Something that is impregnable cannot be broken into. It is strong and secure and able to withstand attacks from opposing forces. Did you know? The origin of this English word can be traced to Middle French.
When those with power or influence favor relatives or friends
Someone is accused of nepotism when they give preferential treatment to someone just because they are a friend or family member. Nepotism is not typically viewed as a good thing in any field.
Claiming to have the power of perceiving events beyond the range of natural vision
When someone says they are clairvoyant, they mean they are capable of seeing things that have happened in the past or things that will happen in the future. Other words for this are psychic and telepathic.
Commendable or desirable
When something is exemplary, it's the best of its kind. It is considered the ideal model. Similar words include example or exemplify, but they all descend from the Latin word "exemplum."
To clear someone from blame or suspicion
To vindicate means to exonerate or clear someone from blame. In court, this typically happens when someone is acquitted or found innocent of a crime. Interestingly, words that share an origin with vindicate include revenge and vendetta.
Getting ideas, style or taste from a wide and diverse range of sources
Eclectic means getting ideas or tastes from an extensive and wide range of sources. When someone says they have an eclectic taste in music, this means they enjoy music from many different genres.
An individual who is fanatical and uncompromising in pursuit of their ideals
A zealot is viewed as a fanatic who is often extreme in pursuing his or her ideals. This can be religious, political or militant in nature. In antiquity, the original Zealots fought against Roman rule in Palestine.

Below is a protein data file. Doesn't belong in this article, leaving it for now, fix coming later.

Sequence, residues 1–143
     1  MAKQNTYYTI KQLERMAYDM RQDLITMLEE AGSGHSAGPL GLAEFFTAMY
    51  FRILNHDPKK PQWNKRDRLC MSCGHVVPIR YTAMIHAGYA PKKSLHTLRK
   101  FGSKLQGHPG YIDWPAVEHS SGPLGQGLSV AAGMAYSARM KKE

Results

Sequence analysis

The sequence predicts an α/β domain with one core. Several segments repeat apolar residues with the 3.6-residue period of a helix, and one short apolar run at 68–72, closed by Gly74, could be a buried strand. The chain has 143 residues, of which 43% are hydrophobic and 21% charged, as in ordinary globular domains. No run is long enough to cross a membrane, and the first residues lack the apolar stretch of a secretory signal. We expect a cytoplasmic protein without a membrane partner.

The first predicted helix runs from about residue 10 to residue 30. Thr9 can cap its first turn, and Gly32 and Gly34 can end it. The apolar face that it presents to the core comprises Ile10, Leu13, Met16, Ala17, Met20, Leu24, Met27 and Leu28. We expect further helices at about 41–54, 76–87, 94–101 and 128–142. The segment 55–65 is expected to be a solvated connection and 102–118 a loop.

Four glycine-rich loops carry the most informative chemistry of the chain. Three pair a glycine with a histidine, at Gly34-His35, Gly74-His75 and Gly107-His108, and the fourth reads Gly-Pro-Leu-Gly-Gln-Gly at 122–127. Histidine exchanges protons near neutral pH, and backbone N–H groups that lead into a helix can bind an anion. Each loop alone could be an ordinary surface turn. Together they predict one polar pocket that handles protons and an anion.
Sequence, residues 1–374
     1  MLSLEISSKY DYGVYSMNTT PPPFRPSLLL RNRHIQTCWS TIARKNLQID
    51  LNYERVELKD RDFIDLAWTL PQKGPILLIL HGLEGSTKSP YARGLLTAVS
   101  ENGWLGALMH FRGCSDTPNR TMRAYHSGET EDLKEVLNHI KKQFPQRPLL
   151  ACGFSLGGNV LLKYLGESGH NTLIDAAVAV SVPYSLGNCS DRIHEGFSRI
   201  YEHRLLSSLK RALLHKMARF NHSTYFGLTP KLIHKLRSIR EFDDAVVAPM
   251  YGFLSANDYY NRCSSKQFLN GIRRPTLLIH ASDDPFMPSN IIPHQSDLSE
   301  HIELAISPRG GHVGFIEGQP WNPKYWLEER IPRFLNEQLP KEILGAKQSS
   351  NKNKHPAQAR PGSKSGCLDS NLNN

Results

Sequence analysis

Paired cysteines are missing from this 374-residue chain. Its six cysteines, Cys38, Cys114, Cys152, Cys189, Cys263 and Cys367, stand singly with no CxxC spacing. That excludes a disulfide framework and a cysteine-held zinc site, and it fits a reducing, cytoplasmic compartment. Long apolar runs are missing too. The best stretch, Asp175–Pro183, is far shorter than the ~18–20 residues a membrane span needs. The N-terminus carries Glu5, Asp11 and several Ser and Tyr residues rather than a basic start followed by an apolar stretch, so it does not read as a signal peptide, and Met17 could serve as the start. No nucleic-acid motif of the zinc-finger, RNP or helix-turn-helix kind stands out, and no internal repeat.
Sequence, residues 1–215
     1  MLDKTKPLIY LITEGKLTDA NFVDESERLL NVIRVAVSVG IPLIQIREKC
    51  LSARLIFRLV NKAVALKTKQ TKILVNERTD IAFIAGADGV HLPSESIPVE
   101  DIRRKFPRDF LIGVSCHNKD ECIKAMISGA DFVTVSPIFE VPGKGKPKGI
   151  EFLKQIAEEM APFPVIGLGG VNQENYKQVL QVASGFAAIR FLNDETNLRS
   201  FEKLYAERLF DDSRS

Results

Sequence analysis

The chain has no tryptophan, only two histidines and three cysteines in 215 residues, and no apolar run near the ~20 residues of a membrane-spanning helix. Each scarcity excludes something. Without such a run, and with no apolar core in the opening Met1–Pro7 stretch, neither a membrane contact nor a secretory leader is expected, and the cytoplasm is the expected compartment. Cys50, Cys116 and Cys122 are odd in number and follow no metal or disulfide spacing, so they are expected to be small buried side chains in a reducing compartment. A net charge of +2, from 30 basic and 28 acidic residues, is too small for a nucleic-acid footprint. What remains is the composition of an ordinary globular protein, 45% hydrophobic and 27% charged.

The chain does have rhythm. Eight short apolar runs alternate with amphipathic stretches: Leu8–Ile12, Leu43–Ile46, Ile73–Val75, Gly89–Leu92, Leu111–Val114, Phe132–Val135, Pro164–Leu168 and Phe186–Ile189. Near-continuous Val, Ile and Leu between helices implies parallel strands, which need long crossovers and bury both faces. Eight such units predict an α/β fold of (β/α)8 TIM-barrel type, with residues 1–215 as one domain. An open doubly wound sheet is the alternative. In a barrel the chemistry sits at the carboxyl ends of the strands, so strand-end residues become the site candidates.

Light, airy or tenuous
Something that is viewed as ethereal is seen as light and perfect. Graceful, dainty and exquisite are also words used to describe something that is ethereal (or belonging to the ether).
To back out on a promise, undertaking or contract
When one reneges, they go back on something they've agreed to do. This is sometimes seen as breaking a promise. People familiar with the card game euchre are used to hearing this term on game night.
Careful and unwasteful with regard to money or food
Someone who is frugal is cautious when it comes to spending money or wasting food. These individuals like to be thrifty and economical. Frugal has a more positive connotation than other words like cheap or penny-pinching.
A person who is new to an experience
A novice is someone who is new to a field or type of work. These people are beginners. The Ancient Romans as well as Catholic and Buddhist monasteries all make use of some variant of this word to describe newcomers.
To develop gradually into a more complex form
To evolve means to advance or develop. When something evolves, it goes from a simpler form to a form that is more complex. Conversely, when something is thought to degenerate, it devolves.
Authorization, sanction or justification
A common term in law enforcement and finance, warrant means to authorize and sanction. When something is warranted, this means it is justified. The word warrant also has ties to the word guarantee.